The New York Times senior columnist Jack Krugman recently wrote: ‘I have seen the future, and it won’t work’. On our present trajectory his observation is chillingly accurate, as was recently confirmed in an MIT review of more than 10 different future scenarios, including those from the IPCC and Royal Dutch Shell. Of those, the MIT study concluded that Shell’s ‘Blueprints’ scenario resulted in the lowest realistically achievable CO2 emissions levels, because it was based on the implementation of advanced technologies and energy efficiency initiatives, and involved a highly effective collaboration between government, industry, international institutions, NGOs and academia. Even then, CO2 levels would stabilize at around 650ppm…yet 450ppm is currently accepted as the viable maximum.
We now understand that at this level various serious trigger points and feedback loops start operating. Not least of these is the acidification of the oceans, causing them to become a net emitter of CO2 rather than a sink. These increasing CO2 levels then feed back into higher temperatures, accelerating both ice melt at the poles and the melting of tundra ice with its consequent release of methane.
It is now clear that technology alone will not ensure our survival. Much more needs to be done. The Blueprints scenario gives us a five-year window. We must act now! In line with Einstein’s observation that ‘No problem can be resolved at the same level of awareness that created it’, it follows that only a world class ‘lifestyle behaviour change’ programme will overcome the challenge humanity is facing. It is highly probable that the biggest obstacle posed by the question we are here to address is the lack of public engagement and real commitment to carbon reduction. A major lifestyle behaviour change programme is the only vehicle that could take us through this next challenging period with a realistic prospect of minimizing its impacts.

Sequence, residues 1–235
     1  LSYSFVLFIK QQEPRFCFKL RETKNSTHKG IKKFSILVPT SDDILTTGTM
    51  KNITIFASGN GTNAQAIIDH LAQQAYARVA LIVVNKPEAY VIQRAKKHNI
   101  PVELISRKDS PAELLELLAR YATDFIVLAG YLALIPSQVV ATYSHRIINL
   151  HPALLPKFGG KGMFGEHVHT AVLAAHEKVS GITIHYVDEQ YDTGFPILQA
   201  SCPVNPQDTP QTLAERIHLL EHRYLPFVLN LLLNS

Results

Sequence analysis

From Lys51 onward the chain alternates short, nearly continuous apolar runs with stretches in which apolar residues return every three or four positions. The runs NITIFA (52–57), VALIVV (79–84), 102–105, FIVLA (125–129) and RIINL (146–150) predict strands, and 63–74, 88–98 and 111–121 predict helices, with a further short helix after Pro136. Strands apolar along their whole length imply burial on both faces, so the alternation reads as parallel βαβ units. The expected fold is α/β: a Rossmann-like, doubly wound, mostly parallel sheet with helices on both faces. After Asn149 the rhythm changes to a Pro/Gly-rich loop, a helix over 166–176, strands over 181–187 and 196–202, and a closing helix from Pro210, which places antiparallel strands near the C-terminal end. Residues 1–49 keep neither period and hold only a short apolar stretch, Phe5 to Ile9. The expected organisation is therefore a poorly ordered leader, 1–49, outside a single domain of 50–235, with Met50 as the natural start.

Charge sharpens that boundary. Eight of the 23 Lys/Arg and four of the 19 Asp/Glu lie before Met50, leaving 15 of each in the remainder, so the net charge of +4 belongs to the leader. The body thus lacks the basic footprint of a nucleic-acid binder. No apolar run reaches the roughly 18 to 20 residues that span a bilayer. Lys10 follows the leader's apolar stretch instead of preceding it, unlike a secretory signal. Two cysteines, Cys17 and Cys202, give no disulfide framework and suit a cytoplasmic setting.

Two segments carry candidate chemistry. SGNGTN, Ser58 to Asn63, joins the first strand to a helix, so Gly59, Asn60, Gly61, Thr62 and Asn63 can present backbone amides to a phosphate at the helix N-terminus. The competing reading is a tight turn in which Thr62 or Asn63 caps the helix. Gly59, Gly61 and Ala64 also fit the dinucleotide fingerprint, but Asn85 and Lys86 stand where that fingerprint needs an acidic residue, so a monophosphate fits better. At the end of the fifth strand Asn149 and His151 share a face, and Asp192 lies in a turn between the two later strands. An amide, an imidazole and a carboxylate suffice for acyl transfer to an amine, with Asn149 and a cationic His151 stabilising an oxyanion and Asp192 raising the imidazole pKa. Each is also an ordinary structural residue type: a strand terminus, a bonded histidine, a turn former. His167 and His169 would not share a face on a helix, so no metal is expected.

I have been engaged with this subject for many years and helped create the Global Action Plan Initiative 20 years ago – when there were no real drivers for change or apparent urgency, and we still reached 22 countries – as well as the more recent ‘Be the Change’ initiative.
There now is a clear and present urgency, and the UK is uniquely placed to take a global leadership role in a new initiative because climate change legislation is already in place, and corporations and local authorities will need to deliver the reductions required by law.
I will not go into specific detail here as to the content or logistics of such a lifestyle change delivery programme, but in outline:
- It is a community-based ‘bottom up’ process;
- Local authorities and corporations become an effective delivery mechanism for empowering and resourcing their communities and employees to create eco-neighbourhood community groups;
- These groups are imbued with the vision, role models, tools, implementation procedures, skill sets, and underpinning supportive structures to enable both visible and tangible success; and
- Each individual feels that their contribution has value and their drop is helping to ‘fill the bucket’.
Humanity is the result of five billion years of earth’s evolution. We will discover within the next five whether we are still a viable species. If we cannot engage behaviour change at this scale we will have failed the ‘intelligence test’ that evolution requires us to answer.
Now is the moment for us to be the change we wish to see in the world.
Lawrence Bloom, Chairman, World Economic Forum, Global Agenda Council on Urban Development, Davos